Last year, I had Albertson's Grocery for a client and they wanted to be able to pay in 60 - 75 days. But, when I need a loaf of bread to put on the dinner table, it's cash, right now. Nobody needs 60 days to pay.

Good luck,

Steve Wargo
Tempe, Arizona

It's a dry heat!

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Nick Griffin
Re: Bussines Froms
on Sep 9, 2006 at 11:21:03 am

Steve Wargo: "...they wanted to be able to pay in 60 - 75 days."

The real question, Steve, is did you take the gig? I don't know if the concept was invented in the 80s or 90s, but somewhere along the line financial brains in many big corporations figured out that they could boost the performance of their own companies simply by holding onto their payables longer. This practice is rampant in some sectors.

Very large retail, like the one you mentioned pushes this on smaller vendors because there's so little push back. What're you gonna do? Walk away from the business? My solution, when I can identify this in advance, is to build in a small amount of money which well exceeds the cost of my having borrowed the money for 60 - 90 days.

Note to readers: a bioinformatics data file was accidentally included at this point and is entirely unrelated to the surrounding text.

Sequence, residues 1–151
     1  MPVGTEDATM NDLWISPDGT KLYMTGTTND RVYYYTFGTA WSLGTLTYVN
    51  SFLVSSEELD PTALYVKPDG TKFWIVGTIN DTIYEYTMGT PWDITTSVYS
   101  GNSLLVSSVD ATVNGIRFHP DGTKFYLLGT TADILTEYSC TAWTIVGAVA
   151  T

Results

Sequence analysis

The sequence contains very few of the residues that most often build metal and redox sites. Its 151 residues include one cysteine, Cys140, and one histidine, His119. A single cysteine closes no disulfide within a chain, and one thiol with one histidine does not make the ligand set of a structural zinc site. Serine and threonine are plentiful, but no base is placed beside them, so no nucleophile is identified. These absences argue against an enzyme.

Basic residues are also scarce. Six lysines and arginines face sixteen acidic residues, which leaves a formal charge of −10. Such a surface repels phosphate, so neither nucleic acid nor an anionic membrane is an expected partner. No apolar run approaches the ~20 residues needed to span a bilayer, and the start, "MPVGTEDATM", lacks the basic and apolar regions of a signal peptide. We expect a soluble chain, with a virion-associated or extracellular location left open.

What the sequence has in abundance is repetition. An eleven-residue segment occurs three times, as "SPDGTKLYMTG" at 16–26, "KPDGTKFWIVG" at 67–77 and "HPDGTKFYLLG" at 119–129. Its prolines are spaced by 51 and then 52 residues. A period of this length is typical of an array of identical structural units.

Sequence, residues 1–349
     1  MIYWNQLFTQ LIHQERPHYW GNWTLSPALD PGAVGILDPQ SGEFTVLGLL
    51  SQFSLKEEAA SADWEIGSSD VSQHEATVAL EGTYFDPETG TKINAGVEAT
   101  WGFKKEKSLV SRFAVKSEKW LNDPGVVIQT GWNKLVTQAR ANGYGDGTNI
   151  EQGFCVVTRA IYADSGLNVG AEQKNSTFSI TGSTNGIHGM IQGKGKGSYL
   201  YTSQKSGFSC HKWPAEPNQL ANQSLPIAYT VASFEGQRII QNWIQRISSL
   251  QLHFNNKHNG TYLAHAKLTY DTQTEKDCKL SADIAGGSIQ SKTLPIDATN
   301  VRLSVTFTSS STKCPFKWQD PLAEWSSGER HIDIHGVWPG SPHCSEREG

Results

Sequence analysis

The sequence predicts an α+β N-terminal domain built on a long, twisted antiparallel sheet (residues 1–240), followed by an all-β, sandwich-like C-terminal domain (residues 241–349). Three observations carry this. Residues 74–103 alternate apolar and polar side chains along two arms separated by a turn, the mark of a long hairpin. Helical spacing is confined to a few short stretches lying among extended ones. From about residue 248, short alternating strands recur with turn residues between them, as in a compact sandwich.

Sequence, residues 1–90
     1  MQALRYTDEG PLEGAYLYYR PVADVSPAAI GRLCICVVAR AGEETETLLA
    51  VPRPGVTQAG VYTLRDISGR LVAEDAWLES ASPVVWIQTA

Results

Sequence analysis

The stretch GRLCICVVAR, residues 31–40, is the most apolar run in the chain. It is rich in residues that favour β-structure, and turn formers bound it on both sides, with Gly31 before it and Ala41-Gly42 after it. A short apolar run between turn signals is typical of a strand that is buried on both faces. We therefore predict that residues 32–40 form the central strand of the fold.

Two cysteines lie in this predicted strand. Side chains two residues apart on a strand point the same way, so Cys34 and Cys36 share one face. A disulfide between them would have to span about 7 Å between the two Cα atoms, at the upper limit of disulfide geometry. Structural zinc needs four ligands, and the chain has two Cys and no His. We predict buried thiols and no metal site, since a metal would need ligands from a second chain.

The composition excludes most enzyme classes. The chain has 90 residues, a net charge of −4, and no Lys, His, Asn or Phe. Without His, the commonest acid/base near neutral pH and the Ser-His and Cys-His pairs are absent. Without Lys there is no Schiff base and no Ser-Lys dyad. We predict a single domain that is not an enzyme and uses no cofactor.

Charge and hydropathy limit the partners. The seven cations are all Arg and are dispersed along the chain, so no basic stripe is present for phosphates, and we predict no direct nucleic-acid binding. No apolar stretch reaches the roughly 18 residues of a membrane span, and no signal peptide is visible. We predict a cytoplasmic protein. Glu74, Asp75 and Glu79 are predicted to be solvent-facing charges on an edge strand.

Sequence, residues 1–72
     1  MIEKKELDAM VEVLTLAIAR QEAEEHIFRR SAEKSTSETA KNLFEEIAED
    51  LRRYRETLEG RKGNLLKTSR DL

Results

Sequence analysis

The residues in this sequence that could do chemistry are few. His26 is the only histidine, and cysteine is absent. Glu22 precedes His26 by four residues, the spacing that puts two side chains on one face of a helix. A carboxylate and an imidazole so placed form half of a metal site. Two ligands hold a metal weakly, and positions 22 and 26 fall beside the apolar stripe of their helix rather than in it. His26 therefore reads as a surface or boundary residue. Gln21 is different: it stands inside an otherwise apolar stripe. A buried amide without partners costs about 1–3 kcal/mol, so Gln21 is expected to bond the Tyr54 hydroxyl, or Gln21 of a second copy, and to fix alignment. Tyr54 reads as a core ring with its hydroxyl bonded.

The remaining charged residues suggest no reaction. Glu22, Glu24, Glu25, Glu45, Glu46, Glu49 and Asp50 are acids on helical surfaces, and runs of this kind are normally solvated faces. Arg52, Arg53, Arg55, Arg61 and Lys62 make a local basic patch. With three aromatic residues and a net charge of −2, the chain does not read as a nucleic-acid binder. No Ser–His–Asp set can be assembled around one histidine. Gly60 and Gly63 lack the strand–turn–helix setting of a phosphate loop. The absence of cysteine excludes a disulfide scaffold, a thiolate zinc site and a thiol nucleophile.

And while I do use Quickbooks Pro to run the business, the invoicing and statements which go out are created in Filemaker. It gives a LOT more flexibility in the look and format and, afterall, invoicing can sometimes be one of the month's most creative tasks. ;)

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Tim Wilson
Re: Bussines Froms
on Sep 9, 2006 at 1:47:25 pm

Sure, I didn't mean to say QuickBooks/Quicken is the only way. There are others. But keeping track of all this is too much to do alone. ANY software is better than none.

I always went by the half up front, half on completion rule on the first job for a client, then got more flexible. By letting them pay later, I was free to say that cashflow is a little tight, can I get this next gig paid up front. Didn't happen more than once or twice, but being a little flexible can get you some in return.